“I rock telephones with the TV screens / so I can have real phone sex / know what I mean?” — from “Da Butta,” feat. Lil’ Kim (Willennium)
This anachronistic line isn’t Will’s fault directly, but it serves to show how his gravitational pull even serves to make other rappers’ tech references outdated. Here Kim is using “telephones with the TV screens” to insinuate her fabulous wealth — or at the very least, her prioritization of masturbatory aids in her spending budget — but in 2017, even the cheapest smartphones offer some form of video chat. Perhaps a more modern remix would see Kim investing in a realistic sex doll to cater to her needs, or at least a confirmation that she had added credit to her Skype account so she could call a variety of numbers.
But it’s not just Willennium that houses Will’s particular penchant for technological references that have dated terribly. His previous album — 1997’s Big Willie Style — has two of the most egregious examples in the same song.
“It’s a full-time job to be a good dad / you got so much more stuff than I had / I gotta study just to keep with the changin’ times /101 Dalmatians on your CD-ROM.” — from “Just The Two of Us” (Big Willie Style)
This is the triple threat: a line containing mention of Will’s own youth, a reference to CD-ROM technology — not exactly outlandish in 1997 — and a nod to 101 Dalmatians, originally turned into a Disney film in 1961. Presumably Will is referencing the 1996 live-action remake of the animated classic, but even then, what’s he talking about?
The movie didn’t arrive on DVD until 2000, with the VHS copy becoming available in 1997. Does he mean a tie-in game? Was Will trying to jam a video cassette into his PC? Has he literally painted an image of 101 spotted dogs onto the side of his computer’s case? The answer is lost to the mists of time.
“See me / I’m tryin’ to pretend I know / on my PC where that CD go.” — from “Just The Two of Us” (Big Willie Style)
I’m stepping away from Willennium and breaking out this line because it reminds me so strongly of a very specific set of visual jokes from the early 2000s where the less technologically savvy — parents, teachers, other old-timers — erroneously believed a PC’s CD drive was a convenient cup holder. It was a joke with years of mileage, and years of images, stories, and videos showing the ignorant placing beverages on the plastic tray that burst expectantly from their beige box.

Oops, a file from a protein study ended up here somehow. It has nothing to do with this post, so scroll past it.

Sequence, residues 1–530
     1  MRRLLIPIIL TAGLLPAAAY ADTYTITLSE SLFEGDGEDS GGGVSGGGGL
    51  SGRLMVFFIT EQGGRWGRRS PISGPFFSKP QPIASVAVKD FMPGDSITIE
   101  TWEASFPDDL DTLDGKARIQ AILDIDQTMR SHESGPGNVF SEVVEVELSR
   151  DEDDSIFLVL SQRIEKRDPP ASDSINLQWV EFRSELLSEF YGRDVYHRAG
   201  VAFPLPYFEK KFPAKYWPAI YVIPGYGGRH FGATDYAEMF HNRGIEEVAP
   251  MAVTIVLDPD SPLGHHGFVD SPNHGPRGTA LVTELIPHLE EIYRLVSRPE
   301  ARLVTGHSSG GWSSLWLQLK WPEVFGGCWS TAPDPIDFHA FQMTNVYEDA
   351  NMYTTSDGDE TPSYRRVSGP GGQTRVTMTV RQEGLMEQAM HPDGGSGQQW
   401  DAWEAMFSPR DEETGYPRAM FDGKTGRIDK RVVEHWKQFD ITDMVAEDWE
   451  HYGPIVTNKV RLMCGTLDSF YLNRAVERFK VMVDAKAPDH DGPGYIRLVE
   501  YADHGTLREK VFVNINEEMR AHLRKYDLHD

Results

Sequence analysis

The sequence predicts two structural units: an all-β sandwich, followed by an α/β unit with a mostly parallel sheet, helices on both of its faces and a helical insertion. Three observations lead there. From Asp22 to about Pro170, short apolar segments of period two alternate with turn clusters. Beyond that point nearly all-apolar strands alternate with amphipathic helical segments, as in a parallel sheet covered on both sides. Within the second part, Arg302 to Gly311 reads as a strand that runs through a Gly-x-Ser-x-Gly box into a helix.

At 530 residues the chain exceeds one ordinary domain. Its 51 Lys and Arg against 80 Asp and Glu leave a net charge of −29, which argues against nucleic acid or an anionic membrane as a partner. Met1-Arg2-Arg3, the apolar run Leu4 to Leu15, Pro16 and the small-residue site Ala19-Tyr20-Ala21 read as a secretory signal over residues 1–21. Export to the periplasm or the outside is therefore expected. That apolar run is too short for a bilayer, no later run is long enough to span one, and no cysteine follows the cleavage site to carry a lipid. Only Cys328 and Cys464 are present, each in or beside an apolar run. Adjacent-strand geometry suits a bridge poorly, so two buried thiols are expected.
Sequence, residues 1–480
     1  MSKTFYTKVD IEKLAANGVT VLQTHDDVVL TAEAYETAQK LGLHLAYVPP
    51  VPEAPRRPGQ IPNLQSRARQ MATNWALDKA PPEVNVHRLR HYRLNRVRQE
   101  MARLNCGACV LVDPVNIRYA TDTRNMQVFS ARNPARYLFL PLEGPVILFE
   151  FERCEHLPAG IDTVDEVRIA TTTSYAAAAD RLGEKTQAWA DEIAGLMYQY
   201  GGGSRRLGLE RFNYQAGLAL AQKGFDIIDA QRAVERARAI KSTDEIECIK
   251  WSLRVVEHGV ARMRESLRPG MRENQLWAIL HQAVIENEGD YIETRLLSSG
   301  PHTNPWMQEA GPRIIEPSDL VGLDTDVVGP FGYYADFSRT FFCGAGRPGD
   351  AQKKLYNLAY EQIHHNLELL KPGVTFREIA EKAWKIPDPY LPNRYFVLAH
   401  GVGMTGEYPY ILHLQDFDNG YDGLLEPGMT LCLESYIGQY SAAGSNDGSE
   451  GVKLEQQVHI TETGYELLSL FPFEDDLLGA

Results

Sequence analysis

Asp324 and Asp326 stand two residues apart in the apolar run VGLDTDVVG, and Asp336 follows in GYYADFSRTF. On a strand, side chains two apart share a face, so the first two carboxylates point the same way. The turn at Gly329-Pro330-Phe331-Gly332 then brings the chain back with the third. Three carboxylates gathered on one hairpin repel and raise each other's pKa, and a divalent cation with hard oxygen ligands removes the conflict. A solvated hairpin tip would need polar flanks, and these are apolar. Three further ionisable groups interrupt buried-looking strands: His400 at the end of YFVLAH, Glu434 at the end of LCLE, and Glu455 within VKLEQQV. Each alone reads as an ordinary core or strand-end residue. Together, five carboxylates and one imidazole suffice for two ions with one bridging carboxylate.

Now the chance is gone. Not only are our parents totally wise to the concept of disc drives, but in 2017, the hardware is largely unnecessary on a modern PC. I built my last PC in 2014 and only realized two months ago when I tried to install an ancient game that I neglected to include a CD drive. Now we’ve just got USB sticks and direct downloads. Where’s the comedy in that? You can’t put a cup on a .zip file.
Big Will has some good company in dropping terrible tech references (remember Kelly Rowland texting Nelly using Excel), but after my own extensive research, I think I have effectively demonstrated that he stands head and shoulders above his peers.
Perhaps it was his commitment to clean rap that meant that, while other artists were free to hurl out curse words with abandon, Mr. Smith was stuck making extremely specific references to mid-‘90s technology. Or perhaps he’s just always been a total dad. Either way, in our horrible future of “flying cars” and grinding poverty, why not put Willennium on and let yourself be transported back to the halcyon days of the late 1990s.
The BlackBerry KeyOne smartphone will be available for purchase in the US and Canada starting next month, according to a press release from TCL, the device’s manufacturer. The KeyOne is the first TCL-manufactured BlackBerry phone to feature a physical keyboard, which was the signature feature of BlackBerry smartphones years ago.
It will be available for purchase in Canada first, with preorders starting on May 18th. Canadian customers will be able to get the phone from Bell, Bell MTS, Rogers, SaskTel, and TELUS Business for $199 with a two-year contract. It will be available unlocked in the US starting on May 31st for $549. The unlocked model will work with both GSM and CDMA networks, and TCL says that Sprint will be selling the device later this summer.
In addition to the physical keyboard, the KeyOne has a 4.5-inch touchscreen, 12-megapixel camera, and Qualcomm Snapdragon 625 processor. Its large 3,505mAh battery should provide a lot of stamina between charges, which is important for the business-focused user that the phone is designed for. The KeyOne runs Android 7.1 Nougat and will come with BlackBerry’s suite of productivity apps.
We’ll have plenty more impressions to share in our upcoming review of the KeyOne.